Because nothing lasts forever, savvy businesspeople know that effective restrictions on the post-employment competitive conduct of important employees are vital for businesses. Employers should always consider including restrictive covenants in the employment agreements of key employees that restrict the employees' ability to compete with the employer following the end of their employment. New York law on such restrictive covenants is complex and nuanced and has important implications that can be counterintuitive. Beyond crucial considerations in structuring and drafting employment agreements and strategies to deal with the abrupt departure of critical employees, legal criteria in this area can also be important for other activities, such as the documenting and handling of critical confidential business information and even mundane matters such as the documenting and reimbursement of marketing expenses.

New York law disfavors restrictive covenants, although not to the degree they are disfavored in certain other jurisdictions, most notably California. E.g., Reed, Roberts Assocs., Inc. v. Strauman, 353 N.E.2d 590, 593 (N.Y. 1976); Aon Risk Services v. Cusack, 958 N.Y.S.2d 114 (App. Div.2013). To enforce such agreements, New York law requires that employers show a "legitimate interest" warranting protection, such as the protection of misappropriated trade secrets or preventing competition by a former employee whose services are unique or extraordinary. E.g., 1 Model Mgmt., LLC v. Kavoussi, 918 N.Y.S.2d 431, 432 (App. Div. 2011). Even then, the restriction must pass a "reasonableness" analysis, limiting the restriction to the minimum necessary to protect the employer's legitimate interest, which in effect often severely limits the duration and geographic reach of the restriction. E.g., BDO Seidman v. Hirshberg, 712 N.E.2d 1220 (N.Y. 1999).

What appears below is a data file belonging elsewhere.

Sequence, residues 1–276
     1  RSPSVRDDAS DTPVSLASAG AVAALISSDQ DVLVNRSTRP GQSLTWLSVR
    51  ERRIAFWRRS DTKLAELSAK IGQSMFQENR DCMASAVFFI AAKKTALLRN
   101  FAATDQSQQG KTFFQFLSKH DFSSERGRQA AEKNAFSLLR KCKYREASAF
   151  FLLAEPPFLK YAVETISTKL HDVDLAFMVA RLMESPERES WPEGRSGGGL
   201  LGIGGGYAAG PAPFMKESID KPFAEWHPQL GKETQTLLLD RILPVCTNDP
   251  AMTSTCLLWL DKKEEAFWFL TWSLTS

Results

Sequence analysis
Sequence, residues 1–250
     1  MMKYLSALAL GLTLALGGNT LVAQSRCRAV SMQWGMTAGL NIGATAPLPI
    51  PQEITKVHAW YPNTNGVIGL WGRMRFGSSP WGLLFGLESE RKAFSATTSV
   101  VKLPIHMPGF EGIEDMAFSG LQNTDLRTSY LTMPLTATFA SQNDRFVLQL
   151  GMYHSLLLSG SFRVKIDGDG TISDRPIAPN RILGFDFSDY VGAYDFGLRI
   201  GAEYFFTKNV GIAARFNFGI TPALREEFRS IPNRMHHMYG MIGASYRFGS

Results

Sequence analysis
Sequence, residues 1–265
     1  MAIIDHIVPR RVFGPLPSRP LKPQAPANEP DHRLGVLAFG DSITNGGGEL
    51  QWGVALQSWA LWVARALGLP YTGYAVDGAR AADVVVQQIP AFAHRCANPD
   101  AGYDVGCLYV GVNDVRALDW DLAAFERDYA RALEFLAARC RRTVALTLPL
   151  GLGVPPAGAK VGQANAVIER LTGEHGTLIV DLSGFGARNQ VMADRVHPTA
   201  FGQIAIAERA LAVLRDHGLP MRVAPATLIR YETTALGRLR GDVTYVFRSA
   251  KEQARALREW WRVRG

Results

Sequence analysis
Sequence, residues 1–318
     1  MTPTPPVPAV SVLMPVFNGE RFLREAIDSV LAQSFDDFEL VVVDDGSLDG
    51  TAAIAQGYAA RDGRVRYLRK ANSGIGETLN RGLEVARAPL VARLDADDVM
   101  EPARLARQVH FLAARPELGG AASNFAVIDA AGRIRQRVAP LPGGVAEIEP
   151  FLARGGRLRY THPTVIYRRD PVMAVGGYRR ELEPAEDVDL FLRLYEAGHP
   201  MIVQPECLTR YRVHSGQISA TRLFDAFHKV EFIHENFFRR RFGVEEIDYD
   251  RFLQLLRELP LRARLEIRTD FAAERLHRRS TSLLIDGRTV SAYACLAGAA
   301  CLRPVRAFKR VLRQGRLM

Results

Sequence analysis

Employers, however, are not without options under New York law to impose meaningful restrictions on important employees competing with them after the employees' departure. The most effective is to defer some significant amount of an employee's compensation out into the future, with the proviso that the employee's receipt of the deferred compensation is contingent upon the employee not competing with the employer. New York courts uphold such arrangements under the "employee choice" doctrine, reasoning that the former employee faces the "choice" between receiving the deferred compensation or competing with the former employer. Morris v. Schroder Capital Mgmt. Int'l, 859 N.E.2d 503, 506 (N.Y. 2006). The employer need only show that it would have continued to employ the employee had the employee not chosen to leave. Lucente v. IBM, 310 F.3d 243, 254 (2d Cir. 2002); Post v. Merrill Lynch, Pierce, Fenner & Smith, Inc., 397 N.E.2d 358, 360 (N.Y. 1979). New York courts do not subject such agreements to the "reasonableness" requirement, thus enabling their duration and geographic scope to exceed that which would be permitted under that analysis. While employers cannot use this approach to obtain a court order enjoining their former employees from competing with them, in practice such arrangements can provide a strong disincentive to the former employees who might consider engaging in such competition.